Two Harvard professors recently announced the release of a report to debunk what has become a widely spread study questioning the replicability of published psychological studies.
The Open Science Collaboration (OSC) released a multi-year study in 2015 that was reported to cause significant impact on the field of science. According to the Harvard Gazette, the publication led scientific journals to change their policies and grantmakers to make shifts in funding priorities. The story created “sensational headlines worldwide about the ‘replication crisis’ in psychology’” and the story was Science magazine’s “No. 3 Breakthrough of the Year.”
The OSC is supported by the Center for Open Science, a nonprofit organization with a focus on increasing transparency in research. According to their website, one of their services includes meta-science, which serves as a platform to demonstrate reproducible research methods. The COS’s meta-analysis initiative itself is interesting. For the psychology replication study, 270 expert contributors all agreed to participate in what looks a lot like crowdsourcing for science. The study was listed by OSC as the first in-depth exploration of its kind.
The outcomes from the OSC report drew headlines when less than 40 of 100 published studies that were pulled from three psychology journals were successfully reproduced. However, when the OSC study was reviewed closely, professors from Harvard, along with a professor from the University of Virginia, found serious concerns with the OSC’s research methods.
Probably most alarming was the replication of a study originally conducted at Stanford. The study evaluated the reaction of white students as they watched a video of a black student and three white students discussing admission policies. During the video, one of the white students began to make offensive comments about affirmative action. Researchers found that the observing students looked longer at the black student when they believed he could hear the comments versus when the comments seemed to only be heard by the white students.
Sign up for our free newsletter
Subscribe to the NPQ newsletter to have our top stories delivered directly to your inbox.
The Stanford study was one of the 100 published studies chosen by OSC for replication, but when the OSC team reproduced the study, they conducted the replication in Amsterdam. Daniel Gilbert, who is the Edgar Pierce Professor of Psychology at Harvard and one of the professors who critiqued the OSC studies, said, “They had Dutch students watch a video of Stanford students speaking in English about affirmative action policies at a university 5,000 miles away.” In other words, the students being studied were listening to students in another country and being tested on a topic that does not have relevance to their country.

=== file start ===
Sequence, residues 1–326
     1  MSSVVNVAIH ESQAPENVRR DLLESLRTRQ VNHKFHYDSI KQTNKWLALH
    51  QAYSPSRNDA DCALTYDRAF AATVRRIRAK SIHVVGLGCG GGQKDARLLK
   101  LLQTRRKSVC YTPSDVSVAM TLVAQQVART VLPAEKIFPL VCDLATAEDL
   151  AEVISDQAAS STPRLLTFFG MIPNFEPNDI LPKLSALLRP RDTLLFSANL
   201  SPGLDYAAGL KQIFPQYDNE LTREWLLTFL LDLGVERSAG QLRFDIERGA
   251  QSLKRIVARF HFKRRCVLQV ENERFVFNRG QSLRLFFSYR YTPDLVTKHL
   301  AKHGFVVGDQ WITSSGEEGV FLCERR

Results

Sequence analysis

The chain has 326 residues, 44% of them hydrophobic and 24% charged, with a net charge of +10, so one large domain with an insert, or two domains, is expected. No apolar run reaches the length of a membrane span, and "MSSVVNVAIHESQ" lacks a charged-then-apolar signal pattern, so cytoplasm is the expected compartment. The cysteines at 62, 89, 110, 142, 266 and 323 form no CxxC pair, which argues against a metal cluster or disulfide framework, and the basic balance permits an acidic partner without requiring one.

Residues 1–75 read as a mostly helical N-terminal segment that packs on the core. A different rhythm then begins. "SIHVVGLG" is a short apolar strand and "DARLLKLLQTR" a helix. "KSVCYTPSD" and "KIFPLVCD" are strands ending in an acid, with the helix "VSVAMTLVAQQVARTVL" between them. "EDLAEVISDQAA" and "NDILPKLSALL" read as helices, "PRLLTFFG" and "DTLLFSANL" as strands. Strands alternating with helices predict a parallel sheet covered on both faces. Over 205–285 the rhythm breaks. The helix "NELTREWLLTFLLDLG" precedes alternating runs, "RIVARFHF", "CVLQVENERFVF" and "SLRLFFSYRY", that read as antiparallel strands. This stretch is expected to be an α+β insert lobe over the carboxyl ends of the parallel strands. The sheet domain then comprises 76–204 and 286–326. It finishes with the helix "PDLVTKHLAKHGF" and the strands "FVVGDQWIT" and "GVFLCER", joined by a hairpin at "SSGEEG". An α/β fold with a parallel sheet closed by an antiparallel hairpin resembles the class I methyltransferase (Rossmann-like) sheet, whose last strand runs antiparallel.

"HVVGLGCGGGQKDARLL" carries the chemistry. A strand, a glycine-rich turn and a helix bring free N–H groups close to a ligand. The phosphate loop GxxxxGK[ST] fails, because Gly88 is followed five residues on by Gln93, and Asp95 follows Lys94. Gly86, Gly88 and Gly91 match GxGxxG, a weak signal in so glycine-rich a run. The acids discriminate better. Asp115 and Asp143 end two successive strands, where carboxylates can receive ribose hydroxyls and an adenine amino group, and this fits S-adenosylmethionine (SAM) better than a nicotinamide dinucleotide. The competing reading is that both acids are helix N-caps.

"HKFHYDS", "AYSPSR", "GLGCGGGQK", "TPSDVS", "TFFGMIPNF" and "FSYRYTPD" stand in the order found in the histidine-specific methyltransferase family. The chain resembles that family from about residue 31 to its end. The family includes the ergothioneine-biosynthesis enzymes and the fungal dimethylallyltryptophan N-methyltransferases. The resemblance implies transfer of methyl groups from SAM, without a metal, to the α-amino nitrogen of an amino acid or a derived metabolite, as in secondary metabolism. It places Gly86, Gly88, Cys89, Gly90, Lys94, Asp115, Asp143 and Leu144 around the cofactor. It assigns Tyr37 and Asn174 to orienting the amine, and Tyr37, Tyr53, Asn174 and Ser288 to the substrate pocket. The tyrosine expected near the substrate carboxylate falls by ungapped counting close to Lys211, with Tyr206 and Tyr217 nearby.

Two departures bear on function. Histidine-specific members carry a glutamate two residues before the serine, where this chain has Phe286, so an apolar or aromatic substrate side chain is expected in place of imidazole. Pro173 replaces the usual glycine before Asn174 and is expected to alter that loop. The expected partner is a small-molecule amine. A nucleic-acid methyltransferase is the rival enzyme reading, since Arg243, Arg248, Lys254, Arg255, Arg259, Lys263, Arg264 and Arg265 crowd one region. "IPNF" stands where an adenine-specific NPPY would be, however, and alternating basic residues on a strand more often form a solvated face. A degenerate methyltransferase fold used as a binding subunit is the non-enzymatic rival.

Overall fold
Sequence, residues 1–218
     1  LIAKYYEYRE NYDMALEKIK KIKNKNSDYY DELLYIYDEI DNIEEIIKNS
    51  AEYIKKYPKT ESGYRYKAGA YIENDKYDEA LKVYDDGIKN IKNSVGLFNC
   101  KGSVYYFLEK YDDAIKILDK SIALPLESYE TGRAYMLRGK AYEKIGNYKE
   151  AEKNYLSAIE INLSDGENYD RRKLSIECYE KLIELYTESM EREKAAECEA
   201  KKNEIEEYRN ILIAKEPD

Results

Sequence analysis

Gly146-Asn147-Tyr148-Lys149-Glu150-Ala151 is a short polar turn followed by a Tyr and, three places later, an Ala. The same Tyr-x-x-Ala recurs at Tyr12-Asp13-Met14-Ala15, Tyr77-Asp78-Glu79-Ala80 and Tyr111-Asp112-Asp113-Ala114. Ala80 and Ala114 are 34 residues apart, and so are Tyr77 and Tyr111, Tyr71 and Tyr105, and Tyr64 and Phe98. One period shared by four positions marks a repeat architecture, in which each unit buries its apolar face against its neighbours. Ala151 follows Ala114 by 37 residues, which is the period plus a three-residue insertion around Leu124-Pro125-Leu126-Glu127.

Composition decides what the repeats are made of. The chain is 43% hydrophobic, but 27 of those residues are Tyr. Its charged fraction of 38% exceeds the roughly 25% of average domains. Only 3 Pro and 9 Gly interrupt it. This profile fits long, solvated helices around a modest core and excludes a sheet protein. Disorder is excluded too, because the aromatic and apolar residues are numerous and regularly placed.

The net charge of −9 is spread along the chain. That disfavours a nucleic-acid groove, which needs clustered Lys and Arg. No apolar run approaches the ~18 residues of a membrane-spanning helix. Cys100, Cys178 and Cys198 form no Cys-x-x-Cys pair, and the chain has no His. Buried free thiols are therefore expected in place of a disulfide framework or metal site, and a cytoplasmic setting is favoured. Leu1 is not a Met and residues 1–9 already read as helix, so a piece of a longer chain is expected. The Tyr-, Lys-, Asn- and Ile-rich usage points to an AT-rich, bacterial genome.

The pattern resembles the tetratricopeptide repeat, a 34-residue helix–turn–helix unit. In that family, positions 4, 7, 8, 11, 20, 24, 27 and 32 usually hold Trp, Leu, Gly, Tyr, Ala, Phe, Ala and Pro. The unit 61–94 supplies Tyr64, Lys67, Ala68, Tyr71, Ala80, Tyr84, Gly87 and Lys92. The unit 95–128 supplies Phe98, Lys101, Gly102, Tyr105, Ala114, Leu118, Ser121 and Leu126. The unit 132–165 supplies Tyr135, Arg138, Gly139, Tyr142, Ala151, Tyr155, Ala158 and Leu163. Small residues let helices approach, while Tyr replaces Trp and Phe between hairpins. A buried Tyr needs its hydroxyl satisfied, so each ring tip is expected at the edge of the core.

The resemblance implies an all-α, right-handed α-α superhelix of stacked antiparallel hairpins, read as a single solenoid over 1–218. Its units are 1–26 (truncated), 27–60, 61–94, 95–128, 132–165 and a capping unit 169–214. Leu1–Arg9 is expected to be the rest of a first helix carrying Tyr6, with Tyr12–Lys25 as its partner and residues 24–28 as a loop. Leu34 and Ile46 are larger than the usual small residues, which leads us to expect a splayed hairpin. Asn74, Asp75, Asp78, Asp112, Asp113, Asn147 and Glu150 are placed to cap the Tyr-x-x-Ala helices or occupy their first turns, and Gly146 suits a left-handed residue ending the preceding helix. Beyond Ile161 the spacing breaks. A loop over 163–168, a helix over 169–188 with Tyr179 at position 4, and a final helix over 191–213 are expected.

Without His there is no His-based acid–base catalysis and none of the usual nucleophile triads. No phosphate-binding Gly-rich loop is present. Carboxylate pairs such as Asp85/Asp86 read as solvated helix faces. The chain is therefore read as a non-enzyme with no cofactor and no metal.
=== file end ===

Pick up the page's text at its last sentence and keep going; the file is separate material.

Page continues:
The Harvard team averred that other studies were not replicated precisely and the OSC did not factor in the statistical error necessary to account for the variance. The team confirmed that when replication of the studies strayed from the original methods used, the failure rate was higher. Gary King, the Albert J. Weatherhead III University Professor at Harvard, who was also one of the professors reviewing the study, said that when the OSC determined their calculations, “they failed to consider that their studies were quite different.”
The team believes that the outcomes would have been successful if conducted correctly, or if the OSC team had accounted for this statistical error. This was listed among several concerns in processes, including the lack of obtaining a true random sample.
The journal Science published a response to the Harvard report on Friday, saying that the belief of the professors that the reproducibility of the studies is actually high is likely very optimistic and “limited by statistical misconceptions.” It goes on to say that neither optimistic nor pessimistic conclusions about reproducibility “are possible” or “yet warranted.” Apparently, it’s still unclear whether the problem is that journals are too quickly publicizing bad science or that we need to improve methods of replication to better test our studies.
Ironically, the OSC’s past research has illustrated that different analysts can evaluate the same data and come to different conclusions, which seems to be the case in the psychology replication debate. It does appear that experts are challenging the work of experts who challenged their work. While the field of psychology cannot afford to have misguided or unwarranted accusations due to false research, if done correctly, this seems to be a healthy direction of debate, collaboration and testing of models. Ideally, those involved will be learning from successes and leveraging lessons learned.—Michelle Lemming